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[楼主] 嘿鬼妹 2006-10-12 10:07:59
Xaviera Simmons djing at front of her installation “Selective Memory (How to Break Your Own Heart II)” created at Zacheta and Shaun EL C. Leonardo in performance “El Conquistador Vs. The Invisible Man”, 2006, Zacheta National Gallery of Art, Warsaw, photo: Joanna Kinowska.  

black alphabet – conTEXTS of contemporary african-american art

黑子目标 - 非洲-美国当代艺术背景


策划人Maria Brewinska

地点:Zacheta National Gallery of Art
Pl. Malachowskiego 3
00-916 Warsaw, Poland
电话. ( 48 22) 827 58 54


非洲-美国艺术是美国艺术的一个重要部分。不过除了美国之外,这个艺术没有真的被推广过。题目,黑子目标,是一种隐喻关于“黑”这个概念不明确的意义:关于种族的问题,尤其是关于非洲-美国人创造的文化语言。“非洲-美国当代艺术”这个题目也承担这个艺术的存在。它在美国当代艺术这个领域发展,而在这某一些政治和历史的情况下,有时候需要表达一个独立的身份。非洲-美国艺术是80年代开始进去主美国要美术馆,画廊,收藏。这个过程由后现代多文化开始。这个展览的社会-政治方面很重要。这个“其他者”语言在美国的文化,历史,社会,政治方面里都比较清楚。非洲-美国背景第一次在美国之外展出,在波兰。这个展览谈到很多主体,比如奴隶身份,种族主义和种族的概念,身份。还有与精力发展有关的波谱文化,包括hip-hop,还有非洲-美国的传统音乐。这个展览也会介绍一些新的背景像 “非洲化”, 新形象,美国黑人集体的暴力, 等等。

参加艺术家:Laylah Ali, Edgar Arceneaux, John Bankston, Sanford Biggers, Mark Bradford, Michael Paul Britto, Nick Cave, Zoe Charlton, Leonardo Drew, Ellen Gallagher, Trenton Doyle Hancock, David Hammons, Leslie Hewitt, Shaun El C. Leonardo, Glenn Ligon, Kalup Linzy, Wardell Milan, Rodney McMillian, Lester Julian Merriweather, Kori Newkirk, Demetrius Oliver, Kambui Olujimi, Jefferson Pinder, Robert Pruitt, Lorna Simpson, Xaviera Simmons, Susan Smith-Pinelo,
Jeff Sonhouse, Kara Walker, Carrie Mae Weems, Fred Wilson, Kehinde Wiley, Paula Wilson, Hank Willis Thomas, Jennifer Zackin

black alphabet – conTEXTS of contemporary african-american art

September 22 – November 19, 2006

Curator Maria Brewinska

Zacheta National Gallery of Art
Pl. Malachowskiego 3
00-916 Warsaw, Poland
tel. ( 48 22) 827 58 54
Tuesdays - Sundays 12 noon - 8pm

We have just opened this great and successful exhibition accompanied by a series of enthusiastically received events created by a group of talented artists. You still have time to share in the experience…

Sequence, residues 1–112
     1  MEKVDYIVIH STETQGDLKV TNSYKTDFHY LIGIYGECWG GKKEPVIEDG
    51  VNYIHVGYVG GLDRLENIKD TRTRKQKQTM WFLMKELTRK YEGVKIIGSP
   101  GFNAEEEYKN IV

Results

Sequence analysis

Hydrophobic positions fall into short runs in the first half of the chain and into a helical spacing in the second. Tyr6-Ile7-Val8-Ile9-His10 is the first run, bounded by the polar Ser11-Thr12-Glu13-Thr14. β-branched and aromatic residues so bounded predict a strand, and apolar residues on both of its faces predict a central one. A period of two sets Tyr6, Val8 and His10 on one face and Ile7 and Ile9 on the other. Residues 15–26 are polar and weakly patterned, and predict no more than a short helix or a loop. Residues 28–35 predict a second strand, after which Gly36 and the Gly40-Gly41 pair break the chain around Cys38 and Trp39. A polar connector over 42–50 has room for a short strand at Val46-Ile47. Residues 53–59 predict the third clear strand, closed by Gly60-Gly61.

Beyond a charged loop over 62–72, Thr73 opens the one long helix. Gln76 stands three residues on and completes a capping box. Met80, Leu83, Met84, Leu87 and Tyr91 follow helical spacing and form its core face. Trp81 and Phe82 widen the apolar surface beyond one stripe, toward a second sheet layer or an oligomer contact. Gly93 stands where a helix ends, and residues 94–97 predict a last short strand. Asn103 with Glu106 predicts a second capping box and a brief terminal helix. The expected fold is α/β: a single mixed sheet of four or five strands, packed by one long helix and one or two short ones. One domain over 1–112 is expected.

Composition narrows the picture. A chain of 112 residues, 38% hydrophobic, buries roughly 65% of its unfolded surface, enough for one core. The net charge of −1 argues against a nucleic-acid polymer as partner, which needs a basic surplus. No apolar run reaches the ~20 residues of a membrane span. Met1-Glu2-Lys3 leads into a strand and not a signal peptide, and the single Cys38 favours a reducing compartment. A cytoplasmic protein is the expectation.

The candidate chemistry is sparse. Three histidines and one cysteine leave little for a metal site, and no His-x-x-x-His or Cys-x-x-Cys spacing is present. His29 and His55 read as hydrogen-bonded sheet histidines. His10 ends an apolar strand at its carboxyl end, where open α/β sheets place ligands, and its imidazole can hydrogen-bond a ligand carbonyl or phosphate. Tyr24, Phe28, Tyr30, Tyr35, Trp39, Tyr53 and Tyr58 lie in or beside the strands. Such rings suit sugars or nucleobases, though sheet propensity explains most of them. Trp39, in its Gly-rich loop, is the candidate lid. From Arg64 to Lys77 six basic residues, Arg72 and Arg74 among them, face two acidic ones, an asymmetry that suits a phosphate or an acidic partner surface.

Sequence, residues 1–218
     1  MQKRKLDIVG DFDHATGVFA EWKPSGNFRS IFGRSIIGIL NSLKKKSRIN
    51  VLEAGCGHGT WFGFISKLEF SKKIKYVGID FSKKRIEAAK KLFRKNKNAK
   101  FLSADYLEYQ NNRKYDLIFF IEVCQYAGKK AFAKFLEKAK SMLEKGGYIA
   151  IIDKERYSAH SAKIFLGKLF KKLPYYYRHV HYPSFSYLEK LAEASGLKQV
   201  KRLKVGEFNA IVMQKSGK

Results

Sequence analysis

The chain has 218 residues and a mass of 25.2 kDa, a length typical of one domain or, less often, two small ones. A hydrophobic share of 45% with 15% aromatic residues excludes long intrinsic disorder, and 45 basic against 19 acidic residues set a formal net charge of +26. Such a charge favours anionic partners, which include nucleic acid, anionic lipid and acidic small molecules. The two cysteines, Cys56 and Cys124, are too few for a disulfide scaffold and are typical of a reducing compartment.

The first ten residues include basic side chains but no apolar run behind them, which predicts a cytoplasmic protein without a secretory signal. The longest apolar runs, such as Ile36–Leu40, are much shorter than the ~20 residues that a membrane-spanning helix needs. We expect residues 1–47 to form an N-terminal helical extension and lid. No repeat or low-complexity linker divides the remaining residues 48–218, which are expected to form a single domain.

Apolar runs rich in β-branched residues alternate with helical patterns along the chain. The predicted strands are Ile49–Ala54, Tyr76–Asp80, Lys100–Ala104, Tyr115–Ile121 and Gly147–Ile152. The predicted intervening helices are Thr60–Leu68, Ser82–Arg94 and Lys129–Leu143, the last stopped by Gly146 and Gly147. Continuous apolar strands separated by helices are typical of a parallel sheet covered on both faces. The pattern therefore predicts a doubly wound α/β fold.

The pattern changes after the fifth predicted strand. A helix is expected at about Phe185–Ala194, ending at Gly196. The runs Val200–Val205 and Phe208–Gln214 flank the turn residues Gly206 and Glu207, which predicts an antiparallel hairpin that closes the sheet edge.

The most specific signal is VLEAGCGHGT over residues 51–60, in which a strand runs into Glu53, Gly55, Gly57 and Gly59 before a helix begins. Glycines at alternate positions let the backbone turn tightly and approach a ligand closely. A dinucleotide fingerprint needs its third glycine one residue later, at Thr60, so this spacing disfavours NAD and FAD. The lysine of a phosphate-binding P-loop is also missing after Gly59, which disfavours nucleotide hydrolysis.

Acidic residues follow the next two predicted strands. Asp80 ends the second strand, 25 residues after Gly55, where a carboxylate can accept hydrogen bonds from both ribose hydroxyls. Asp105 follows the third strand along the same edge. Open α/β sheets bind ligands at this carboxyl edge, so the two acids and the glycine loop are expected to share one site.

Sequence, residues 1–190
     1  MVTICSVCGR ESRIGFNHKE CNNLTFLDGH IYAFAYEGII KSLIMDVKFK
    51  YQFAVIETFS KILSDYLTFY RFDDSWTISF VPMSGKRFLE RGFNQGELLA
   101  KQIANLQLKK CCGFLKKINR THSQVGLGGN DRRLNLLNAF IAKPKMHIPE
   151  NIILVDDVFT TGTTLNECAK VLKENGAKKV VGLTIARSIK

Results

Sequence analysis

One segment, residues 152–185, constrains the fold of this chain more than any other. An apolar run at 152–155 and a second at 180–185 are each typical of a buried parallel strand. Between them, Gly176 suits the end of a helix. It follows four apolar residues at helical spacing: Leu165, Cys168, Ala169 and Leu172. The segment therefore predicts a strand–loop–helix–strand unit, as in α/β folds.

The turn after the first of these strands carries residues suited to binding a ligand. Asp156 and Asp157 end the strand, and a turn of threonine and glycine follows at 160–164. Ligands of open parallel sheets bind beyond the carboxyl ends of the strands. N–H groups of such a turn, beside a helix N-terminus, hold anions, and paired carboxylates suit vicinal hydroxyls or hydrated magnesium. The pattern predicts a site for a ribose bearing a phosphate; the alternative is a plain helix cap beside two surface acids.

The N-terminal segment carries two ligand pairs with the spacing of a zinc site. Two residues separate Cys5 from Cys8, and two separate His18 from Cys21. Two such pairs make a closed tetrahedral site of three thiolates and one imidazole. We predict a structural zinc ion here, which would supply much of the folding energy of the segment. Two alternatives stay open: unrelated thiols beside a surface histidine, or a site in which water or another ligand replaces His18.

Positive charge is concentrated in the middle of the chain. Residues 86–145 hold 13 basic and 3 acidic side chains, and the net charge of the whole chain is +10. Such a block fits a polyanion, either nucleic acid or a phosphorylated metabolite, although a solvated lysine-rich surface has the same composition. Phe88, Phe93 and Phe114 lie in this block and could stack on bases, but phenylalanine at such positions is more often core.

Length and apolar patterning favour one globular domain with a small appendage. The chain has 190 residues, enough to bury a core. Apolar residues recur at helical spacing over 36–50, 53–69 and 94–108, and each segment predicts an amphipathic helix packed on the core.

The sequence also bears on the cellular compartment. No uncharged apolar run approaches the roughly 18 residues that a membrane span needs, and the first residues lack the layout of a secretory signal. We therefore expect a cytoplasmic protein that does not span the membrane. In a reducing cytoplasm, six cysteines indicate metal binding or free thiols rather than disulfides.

black alphabet is the first presentation in Europe of a group exhibition from the USA focused on African American art, a highly significant component of American culture that at best is known only selectively, and at worst is absolutely unknown, on the `old continent`… The idea of the show came after the recognition of several important and powerful exhibitions of African American art organized over the past two decades. These resulted in the discovery and promotion of an art which today constitutes one of the most vital fields in American culture, but one that is still, however, known within the American context only. One should probably agree with bell hooks who perceives American multiculturalism as the mechanism that elevated African American culture to the national forum, but at the same time reduced it to the narrow dimension of nationalism – a cultural context developing within a single nation, rather than in the broader global context.

The title of the exhibition - black alphabet - should not be perceived literally or solely in linguistic terms. It is a metaphor conveying the ambiguity of the term black, which, while raising the race issue, here first and foremost refers to the cultural languages or texts formed by the identity of African Americans. The exhibition’s title also contains the term context, alongside the interconnected text, meant as a tool for diagnosing the dominant trends of the selected field within American art. The last component – contemporary African American art – assumes that such an art exists, that it has constituted itself within the national field of American art as a sub-national text, that in certain historical and political conditions there has occurred the possibility and necessity of expressing one’s separate identity within the national identity of America. That is why America speaks today with many texts at once.